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Vermillion lacquer ridged round box
Tohru Matsuzaki
[Lacquer]
Item Number:C 12815
To coincide with New York's Asia Week, Ippodo Gallery will present
' URUSHI Lacquer - The Graceful Soul of Wood',
an exhibition showcasing works by contemporary artists who utilize urushi in their craft, from March 14 to March 30.


It is said that urushi, which is the name given to natural lacquer, derives - in its phonetic similiarity - to Japanese terms that define a sense of heartwarming beauty or enrichment. Urushi is the sap, the lifeblood, of the lacquer tree (Toxicodendron vernicifluum) and only about 200 grams (one cupful) can be collected from a mature tree in a year. It is the strongest natural coating known to humankind. It is impervious to water and heat resistant, while allowing the wood it covers to breathe. In ancient times, urushi culture spread throughout Asia; the first known example of its use in Japan dates back 6,000 years, where it was developed to such an extent that it became known as 'Japan' in the West. The gleam in the depths of a black-lacquered bowl, the scarlet of the torii gateway to a shrine; urushi has become a quintessential element of Japanese culture. Born of the hot, humid climate and fertile rains, Japanese urushi is of the highest quality, and the outstanding techniques that were developed over the years to produce artistic masterpieces, have been passed down to the present day. Gold or silver lacquer and mother-of-pearl inlays possess a refined allure, the liquid-like surface containing both light and shadow, beguiles the viewer. Negoro lacquer, in which a black base appears through the vermillion coating, possesses an air of wildness combined with a rich intellect, its warmth and elegance improving with use.


Artists exhibiting:

Jihei Murase
Tohru Matsuzaki
Shinya Yamamura
Shouchiku Tanabe (bamboo - in collaboration with Takashi Wakamiya)



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Jihei Murase ( b. 1957 )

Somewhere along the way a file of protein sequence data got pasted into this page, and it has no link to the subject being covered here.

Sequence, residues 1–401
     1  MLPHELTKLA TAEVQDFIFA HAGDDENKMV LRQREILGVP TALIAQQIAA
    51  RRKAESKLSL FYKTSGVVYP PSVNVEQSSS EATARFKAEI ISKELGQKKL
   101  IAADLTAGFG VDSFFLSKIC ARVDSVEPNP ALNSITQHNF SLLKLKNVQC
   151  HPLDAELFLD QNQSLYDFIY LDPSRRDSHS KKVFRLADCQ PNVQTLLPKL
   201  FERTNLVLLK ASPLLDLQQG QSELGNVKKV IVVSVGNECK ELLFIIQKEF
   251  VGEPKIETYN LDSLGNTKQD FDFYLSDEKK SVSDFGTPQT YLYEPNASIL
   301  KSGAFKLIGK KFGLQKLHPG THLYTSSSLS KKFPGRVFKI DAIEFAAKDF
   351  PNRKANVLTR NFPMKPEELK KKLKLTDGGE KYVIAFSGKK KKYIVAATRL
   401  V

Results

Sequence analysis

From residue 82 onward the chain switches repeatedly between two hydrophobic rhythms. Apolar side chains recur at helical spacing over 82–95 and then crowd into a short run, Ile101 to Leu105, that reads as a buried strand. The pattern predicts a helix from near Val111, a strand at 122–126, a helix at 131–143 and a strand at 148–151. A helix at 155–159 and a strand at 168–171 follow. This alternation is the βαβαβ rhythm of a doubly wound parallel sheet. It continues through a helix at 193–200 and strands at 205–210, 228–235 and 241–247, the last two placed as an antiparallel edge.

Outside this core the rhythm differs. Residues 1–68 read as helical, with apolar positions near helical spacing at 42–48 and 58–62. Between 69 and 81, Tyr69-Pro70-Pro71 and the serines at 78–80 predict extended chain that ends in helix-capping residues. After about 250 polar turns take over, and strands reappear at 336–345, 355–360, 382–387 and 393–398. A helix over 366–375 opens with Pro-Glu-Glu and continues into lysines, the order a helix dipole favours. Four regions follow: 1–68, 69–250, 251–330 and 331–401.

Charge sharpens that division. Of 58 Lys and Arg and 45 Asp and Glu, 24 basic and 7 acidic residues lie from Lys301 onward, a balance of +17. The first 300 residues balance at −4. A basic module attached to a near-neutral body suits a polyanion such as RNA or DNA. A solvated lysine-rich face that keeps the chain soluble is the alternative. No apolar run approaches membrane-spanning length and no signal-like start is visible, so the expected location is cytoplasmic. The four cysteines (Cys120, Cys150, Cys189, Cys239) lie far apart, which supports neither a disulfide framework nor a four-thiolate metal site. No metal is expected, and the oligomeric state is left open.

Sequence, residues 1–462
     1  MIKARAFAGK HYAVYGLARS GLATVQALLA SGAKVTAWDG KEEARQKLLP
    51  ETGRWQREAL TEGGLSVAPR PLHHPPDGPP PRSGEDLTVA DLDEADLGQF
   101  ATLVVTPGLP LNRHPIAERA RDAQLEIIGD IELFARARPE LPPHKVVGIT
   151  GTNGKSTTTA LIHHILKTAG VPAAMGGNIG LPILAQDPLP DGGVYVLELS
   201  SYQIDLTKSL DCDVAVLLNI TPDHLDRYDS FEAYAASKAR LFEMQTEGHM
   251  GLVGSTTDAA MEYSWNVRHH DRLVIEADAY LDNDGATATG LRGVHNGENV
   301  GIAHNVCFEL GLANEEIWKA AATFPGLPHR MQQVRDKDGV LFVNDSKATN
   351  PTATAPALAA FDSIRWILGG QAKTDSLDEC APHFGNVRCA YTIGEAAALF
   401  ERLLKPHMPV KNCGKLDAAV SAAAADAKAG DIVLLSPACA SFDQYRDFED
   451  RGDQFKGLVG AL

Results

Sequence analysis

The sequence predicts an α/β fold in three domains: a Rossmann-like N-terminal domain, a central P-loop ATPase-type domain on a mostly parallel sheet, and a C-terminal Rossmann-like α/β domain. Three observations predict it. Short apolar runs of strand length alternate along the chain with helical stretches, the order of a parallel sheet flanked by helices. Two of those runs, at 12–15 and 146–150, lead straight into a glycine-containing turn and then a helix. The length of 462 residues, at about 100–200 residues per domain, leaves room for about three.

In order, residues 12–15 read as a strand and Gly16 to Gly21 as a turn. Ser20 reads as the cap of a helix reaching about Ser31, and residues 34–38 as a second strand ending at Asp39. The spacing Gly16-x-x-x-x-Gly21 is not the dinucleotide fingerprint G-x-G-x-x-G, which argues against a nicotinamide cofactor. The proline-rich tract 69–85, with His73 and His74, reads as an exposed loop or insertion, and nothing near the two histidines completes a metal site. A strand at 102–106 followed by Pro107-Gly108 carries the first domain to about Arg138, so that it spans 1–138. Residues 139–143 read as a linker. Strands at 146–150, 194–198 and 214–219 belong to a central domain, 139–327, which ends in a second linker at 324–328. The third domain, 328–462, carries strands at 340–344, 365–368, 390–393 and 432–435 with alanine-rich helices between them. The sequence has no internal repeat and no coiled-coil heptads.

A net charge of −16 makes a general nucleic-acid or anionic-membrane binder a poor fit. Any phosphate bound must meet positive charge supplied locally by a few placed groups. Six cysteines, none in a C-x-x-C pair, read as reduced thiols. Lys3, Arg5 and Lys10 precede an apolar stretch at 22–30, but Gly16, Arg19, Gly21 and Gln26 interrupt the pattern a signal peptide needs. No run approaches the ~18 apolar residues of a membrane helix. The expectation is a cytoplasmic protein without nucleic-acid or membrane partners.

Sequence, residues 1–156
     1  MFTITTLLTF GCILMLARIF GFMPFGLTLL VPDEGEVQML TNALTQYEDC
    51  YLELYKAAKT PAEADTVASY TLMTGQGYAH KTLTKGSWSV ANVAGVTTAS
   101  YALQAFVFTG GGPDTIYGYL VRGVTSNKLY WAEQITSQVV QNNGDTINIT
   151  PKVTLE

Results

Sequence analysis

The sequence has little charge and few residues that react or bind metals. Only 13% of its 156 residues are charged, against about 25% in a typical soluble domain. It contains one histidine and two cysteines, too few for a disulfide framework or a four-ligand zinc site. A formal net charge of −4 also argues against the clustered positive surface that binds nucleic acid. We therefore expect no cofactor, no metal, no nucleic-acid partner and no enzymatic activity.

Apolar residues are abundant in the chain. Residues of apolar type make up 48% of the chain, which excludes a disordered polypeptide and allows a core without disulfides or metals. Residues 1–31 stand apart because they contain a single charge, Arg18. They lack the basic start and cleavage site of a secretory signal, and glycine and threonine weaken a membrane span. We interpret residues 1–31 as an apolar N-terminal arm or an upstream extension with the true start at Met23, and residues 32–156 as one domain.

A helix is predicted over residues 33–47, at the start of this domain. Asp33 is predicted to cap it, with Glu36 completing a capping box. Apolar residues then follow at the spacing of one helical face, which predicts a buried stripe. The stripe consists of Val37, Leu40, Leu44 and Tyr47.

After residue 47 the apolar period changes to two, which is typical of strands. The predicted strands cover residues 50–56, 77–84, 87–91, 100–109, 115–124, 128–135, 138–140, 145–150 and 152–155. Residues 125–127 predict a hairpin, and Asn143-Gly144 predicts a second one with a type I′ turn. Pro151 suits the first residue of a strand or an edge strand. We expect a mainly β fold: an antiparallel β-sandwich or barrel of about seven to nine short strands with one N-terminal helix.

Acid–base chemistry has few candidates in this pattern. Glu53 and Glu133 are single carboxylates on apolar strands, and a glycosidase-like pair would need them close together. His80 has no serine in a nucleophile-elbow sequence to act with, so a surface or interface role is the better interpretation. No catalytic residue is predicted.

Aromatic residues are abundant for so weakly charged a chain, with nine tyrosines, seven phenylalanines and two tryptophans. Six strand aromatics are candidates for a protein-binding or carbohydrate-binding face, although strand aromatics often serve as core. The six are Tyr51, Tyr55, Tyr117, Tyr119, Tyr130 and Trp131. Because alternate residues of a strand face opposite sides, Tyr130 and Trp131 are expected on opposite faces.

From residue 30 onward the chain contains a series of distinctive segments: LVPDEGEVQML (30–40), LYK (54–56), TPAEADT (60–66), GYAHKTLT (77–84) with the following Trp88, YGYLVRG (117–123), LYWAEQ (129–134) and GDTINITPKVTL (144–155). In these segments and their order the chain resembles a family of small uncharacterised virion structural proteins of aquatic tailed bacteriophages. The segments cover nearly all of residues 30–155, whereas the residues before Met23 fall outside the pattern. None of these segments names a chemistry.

Jihei Murase III is a third-generation woodworker and lacquer craftsman. He performs out every stage of the production himself, from turning the wooden base to applying the urushi lacquer. He has inherited his grandfather's close association with the tea ceremony, carrying out research into tea-ceremony utensils. With the superb forms he creates through his skill on the lathe, combined with his outstanding lacquering technique, he aims to produce a unique Negoro-style work for the twenty-first century.

Tohru Matsuzaki ( b.1944 )
He has created a unique artistic world, reminiscent of both Negoro and Korea's Joseon Dynasty styles. In form, his work embodies the essence of the MINGEI ('folk craft') movement.

Yamamura Shinya ( b. 1960 )
Utilizes all the decorative lacquering techniques, such as gold/silver lacquer, mother-of-pearl and eggshell inlay, etc., fusing them with contemporary designs.

Shouchiku Tanabe ( b. 1973 )
Born the son of the great bamboo craftsman, Chikuunsai Tanabe III. His sculptural works in bamboo weaving are completely new. He collaborates with Takashi Wakanomiya to apply gold lacquer to bamboo, which is said to be a difficult skill to master.


We will be also presenting a collection of rare and quite splendid lacquer pieces created by craftspeople and artisans of Japan.

Location:
Shoko Aono
Ippodo New York
12 E. 86th street # 507, New York, NY 10028
T. 212 967 4899

March 14 to 30, 7 days a week by appointment only.
About the Artist
Using chisels and planes he carves the basic forms for his work from valuable blocks of solid zelkova or chestnut wood, finishing them in thick coatings of Japanese urushi lacquer. He creates forms that appear simple but are highly refined, the vermillion red lacquer evoking images of the Jomon period (ca 11000 BC - ca 300 BC). These unique works can be said to embody the essence of the Japanese 'mingei' folk craft movement.


1944 Born in the Umegaoka district of Tokyo as the eldest son of Nihonga-style painter and dyer, Shu-ki Matsuzaki
1967 Graduated from the Literature Department of Tamagawa University
1974 Studied under the potter, Tatsuzo Shimaoka
1982 First selected for the Kokugakai exhibition
1983 Received the Kokugakai New Talent Award
1984 Became an affiliate member of the Kokugakai
1987 Received the Kokugakai Affiliate Award for Excellence
1988 Nominated for membership of the Kokugakai
Moved his studio to Motegi-machi, Tochigi Prefecture
2001 Produced the vases for Daniel Ost's Daniel Ost Flower Festival in Tokyo
2002 Contributed to Shigeru Uchida's Exhibit at the Salone Internazionale del Mobile 2002 in Milan, Italy
2003 Participated in the Turning Point: Oribe and the Arts of Sixteenth Century Japan exhibition at the Metropolitan Museum of Art, New York
2006-2009 Become a Chairman of the Judging Committee of Craft Section of the Kokugakai
2009&2012 Solo exhibition at Ippodo Gallery New York
1996-Present Exhibition at Ippodo Gallery Tokyo

In addition, holds various solo and group exhibitions throughout the country.

Public Collection:
Philadelphia Museum of Art / Philadelphia, PA
Detroit Institute of Arts / Detroit, MI
University of Michigan Museum of Art / Ann Arbor, MI
Schleswig Folk Museum / Schleswig, Germany
Kuri no Ki Museum / Nagano, Japan